That means you’d need at least a 680 credit score to get approved. But in practice, it’s been much different. From our own experience, accounts from readers, and historical data from creditcards.com, anyone with a credit score below 720 generally was not approved for the Chase Sapphire Reserve.
That doesn’t mean you couldn’t get approved with a lower score. But it was a good rule of thumb that you’d want a credit score on the higher range of a “Good” score.
But even now, that is changing.
Is It Getting Harder to Get a Sapphire Reserve Card?
Since COVID-19 has wreaked havoc on both travel and the economy, many banks changed their lending standards – making it much harder to get approved for new lines of credit.
That makes sense. As the economy teetered and unemployment claims hit record numbers over the spring of 2020, banks expected credit card payment default rates to follow suit. Limiting their exposure was a way to mitigate that risk.
And an easy way to mitigate risk is to make it harder to get approved for certain lines of credit. At the end of the day, this means you may need an even higher credit score to get approved for a credit card than just a year ago. And that seems to be the case with the Chase Sapphire Reserve.
Earlier this month, Chase indicated that it’s raising the standards to get approved for the Chase Sapphire Reserve, from Good or Excellent credit to just Excellent Credit.
What does that mean? It means having a credit score of 740 (and likely higher) is your best bet to get approved for the Chase Sapphire Reserve Card.
Other Sapphire Reserve Factors Behind Approval
Getting a Chase credit card goes beyond your credit score.
Most importantly, all Chase credit cards are subjected to the notorious Chase 5/24 rule. If you have opened five or more personal credit cards from any bank (not just Chase) in the last 24 months, Chase will automatically reject your credit card application – even if you have a perfect credit score.
To learn more about the 5/24 rule, check out our YouTube video.
There’s one other important restriction to keep in mind. Chase will limit you if you have already held either the Chase Sapphire Preferred or Reserve card in the past 48 months. From the terms and conditions of the credit card application:
“The product is not available to either current cardmembers of any Sapphire credit card, or previous cardmembers of any Sapphire credit card who received a new cardmember bonus within the last 48 months.”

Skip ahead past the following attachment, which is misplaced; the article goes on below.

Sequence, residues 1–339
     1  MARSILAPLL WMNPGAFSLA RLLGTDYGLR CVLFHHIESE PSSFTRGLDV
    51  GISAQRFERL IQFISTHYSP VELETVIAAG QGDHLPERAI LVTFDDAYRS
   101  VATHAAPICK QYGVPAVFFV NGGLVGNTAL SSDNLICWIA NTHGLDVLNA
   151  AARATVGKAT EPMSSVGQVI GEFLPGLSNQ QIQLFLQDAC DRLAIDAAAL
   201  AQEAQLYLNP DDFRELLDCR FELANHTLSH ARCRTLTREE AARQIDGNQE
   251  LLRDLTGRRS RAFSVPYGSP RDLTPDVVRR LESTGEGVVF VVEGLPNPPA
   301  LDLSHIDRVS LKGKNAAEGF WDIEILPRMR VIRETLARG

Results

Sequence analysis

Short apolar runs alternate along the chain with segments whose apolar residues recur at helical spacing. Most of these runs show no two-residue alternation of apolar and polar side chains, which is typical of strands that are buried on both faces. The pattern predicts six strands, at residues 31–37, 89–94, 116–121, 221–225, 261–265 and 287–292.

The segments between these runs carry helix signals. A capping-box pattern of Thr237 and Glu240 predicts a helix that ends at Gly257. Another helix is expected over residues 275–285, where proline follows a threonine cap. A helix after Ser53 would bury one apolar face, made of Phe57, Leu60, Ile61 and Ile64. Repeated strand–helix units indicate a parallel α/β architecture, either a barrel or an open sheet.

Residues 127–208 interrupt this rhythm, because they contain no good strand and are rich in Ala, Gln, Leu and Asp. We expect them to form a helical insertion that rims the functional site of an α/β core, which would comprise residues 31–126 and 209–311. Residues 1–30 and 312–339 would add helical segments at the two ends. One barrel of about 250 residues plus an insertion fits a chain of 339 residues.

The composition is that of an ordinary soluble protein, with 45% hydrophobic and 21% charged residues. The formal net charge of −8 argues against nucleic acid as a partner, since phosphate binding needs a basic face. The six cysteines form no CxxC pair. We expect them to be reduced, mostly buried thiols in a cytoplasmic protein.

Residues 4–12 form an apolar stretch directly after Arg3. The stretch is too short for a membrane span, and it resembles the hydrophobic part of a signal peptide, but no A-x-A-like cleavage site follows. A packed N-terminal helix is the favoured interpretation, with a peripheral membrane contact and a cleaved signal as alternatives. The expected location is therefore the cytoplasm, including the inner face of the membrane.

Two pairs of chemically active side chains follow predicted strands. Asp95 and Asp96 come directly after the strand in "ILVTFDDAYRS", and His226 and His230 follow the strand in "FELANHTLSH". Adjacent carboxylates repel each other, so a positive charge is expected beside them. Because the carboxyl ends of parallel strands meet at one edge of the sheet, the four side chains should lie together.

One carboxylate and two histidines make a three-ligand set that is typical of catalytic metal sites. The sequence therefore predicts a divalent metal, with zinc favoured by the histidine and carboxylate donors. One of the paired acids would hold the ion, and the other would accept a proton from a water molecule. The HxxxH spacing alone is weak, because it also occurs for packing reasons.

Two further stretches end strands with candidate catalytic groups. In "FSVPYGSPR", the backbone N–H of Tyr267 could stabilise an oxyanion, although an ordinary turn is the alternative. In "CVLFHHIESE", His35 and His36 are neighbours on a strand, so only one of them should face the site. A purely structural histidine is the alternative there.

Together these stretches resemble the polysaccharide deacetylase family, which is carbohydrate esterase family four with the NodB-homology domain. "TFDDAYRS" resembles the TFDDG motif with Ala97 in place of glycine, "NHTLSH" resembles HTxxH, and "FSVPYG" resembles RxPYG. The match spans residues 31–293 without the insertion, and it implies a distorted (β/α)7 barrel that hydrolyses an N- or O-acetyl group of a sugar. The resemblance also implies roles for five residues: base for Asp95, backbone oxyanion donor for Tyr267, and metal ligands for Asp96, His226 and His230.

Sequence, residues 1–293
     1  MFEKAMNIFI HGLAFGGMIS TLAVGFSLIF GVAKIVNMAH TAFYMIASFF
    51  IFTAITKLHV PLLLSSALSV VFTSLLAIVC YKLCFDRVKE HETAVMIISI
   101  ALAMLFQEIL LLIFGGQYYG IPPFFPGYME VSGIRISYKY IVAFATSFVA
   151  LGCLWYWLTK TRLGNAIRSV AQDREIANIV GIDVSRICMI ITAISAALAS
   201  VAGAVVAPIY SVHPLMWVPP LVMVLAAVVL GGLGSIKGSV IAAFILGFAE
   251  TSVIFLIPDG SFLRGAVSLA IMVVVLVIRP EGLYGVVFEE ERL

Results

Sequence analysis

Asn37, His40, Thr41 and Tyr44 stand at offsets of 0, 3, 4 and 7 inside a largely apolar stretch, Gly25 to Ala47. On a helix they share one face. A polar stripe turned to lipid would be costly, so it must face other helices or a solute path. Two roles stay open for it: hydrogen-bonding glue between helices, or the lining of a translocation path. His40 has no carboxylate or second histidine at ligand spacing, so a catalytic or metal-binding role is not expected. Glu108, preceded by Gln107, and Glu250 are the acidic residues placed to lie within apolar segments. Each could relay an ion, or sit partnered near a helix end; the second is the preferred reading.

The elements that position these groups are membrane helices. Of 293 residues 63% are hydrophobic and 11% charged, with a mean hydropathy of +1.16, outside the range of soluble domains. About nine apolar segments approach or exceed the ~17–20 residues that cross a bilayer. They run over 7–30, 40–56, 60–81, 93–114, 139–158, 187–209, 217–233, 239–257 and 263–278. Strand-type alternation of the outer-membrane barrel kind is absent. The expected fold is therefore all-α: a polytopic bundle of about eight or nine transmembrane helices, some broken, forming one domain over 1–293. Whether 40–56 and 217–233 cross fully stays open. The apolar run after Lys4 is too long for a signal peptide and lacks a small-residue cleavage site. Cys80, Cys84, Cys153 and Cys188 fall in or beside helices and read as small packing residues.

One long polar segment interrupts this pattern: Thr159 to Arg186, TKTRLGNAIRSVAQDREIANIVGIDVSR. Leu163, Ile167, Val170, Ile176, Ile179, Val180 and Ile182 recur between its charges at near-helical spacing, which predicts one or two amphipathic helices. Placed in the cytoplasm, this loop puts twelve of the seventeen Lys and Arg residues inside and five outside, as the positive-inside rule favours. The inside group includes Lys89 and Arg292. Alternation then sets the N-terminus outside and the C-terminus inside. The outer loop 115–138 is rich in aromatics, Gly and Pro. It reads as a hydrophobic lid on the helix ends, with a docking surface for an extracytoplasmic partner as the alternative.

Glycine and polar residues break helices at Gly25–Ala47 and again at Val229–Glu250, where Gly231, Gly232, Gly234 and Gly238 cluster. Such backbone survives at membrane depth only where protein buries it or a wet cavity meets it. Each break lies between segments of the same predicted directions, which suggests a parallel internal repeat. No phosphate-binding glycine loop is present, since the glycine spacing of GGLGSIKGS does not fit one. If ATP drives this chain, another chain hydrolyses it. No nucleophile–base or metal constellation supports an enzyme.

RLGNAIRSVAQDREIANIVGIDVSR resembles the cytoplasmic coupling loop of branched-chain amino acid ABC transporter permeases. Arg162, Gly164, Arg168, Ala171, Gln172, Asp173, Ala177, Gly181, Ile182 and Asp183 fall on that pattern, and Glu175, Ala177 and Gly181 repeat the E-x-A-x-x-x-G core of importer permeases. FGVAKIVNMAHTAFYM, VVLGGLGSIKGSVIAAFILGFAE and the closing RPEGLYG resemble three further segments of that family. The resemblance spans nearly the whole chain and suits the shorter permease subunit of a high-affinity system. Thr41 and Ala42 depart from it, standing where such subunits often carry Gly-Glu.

If none of these restrictions apply to you, and you don’t get immediate approval on your application, we always recommend calling the Chase reconsideration line.
The number is 1-888-270-2127, and you can expedite the process of an approval decision by giving them a call. Without calling, a decision can sometimes take up to 3o days.
Consider the Chase Sapphire Preferred Card Instead
Is your credit score not high enough to get approved for the Chase Sapphire Reserve?
Even if it is, we think that starting with the Chase Sapphire Preferred® Card – the sibling of the Chase Sapphire Reserve – is a wise decision. Not only is it easier to get approved for, but there are other reasons it’s a better place to start, too.
To start with, you’ll earn more points right off the bat. The Chase Sapphire Preferred Card has a sign-up bonus of 60,000 Chase Ultimate Rewards points after spending $4,000 in the first three months of card membership. The Chase Sapphire Reserve on the other hand offers 50,000 Chase Ultimate Rewards points for the same $4,000 spending requirement.
Want great perks on the Sapphire Reserve Card like Priority Pass lounge access, a $300 annual travel credit, and more? You can upgrade later on from your Sapphire Preferred Card to the Chase Sapphire Reserve. You’ll end up with more points that will redeem at a higher rate.
Click Here to learn more about the Chase Sapphire Preferred Card.
Bottom Line About the Chase Sapphire Reserve Card and Credit Scores
The Chase Sapphire Reserve Card requires an excellent credit score for approval. As a general rule of thumb, you’ll need a score of 740 or higher to get approved.
If your credit score isn’t that high (or even if it is), we think the Chase Sapphire Preferred is a better option to get started with Chase Sapphire cards.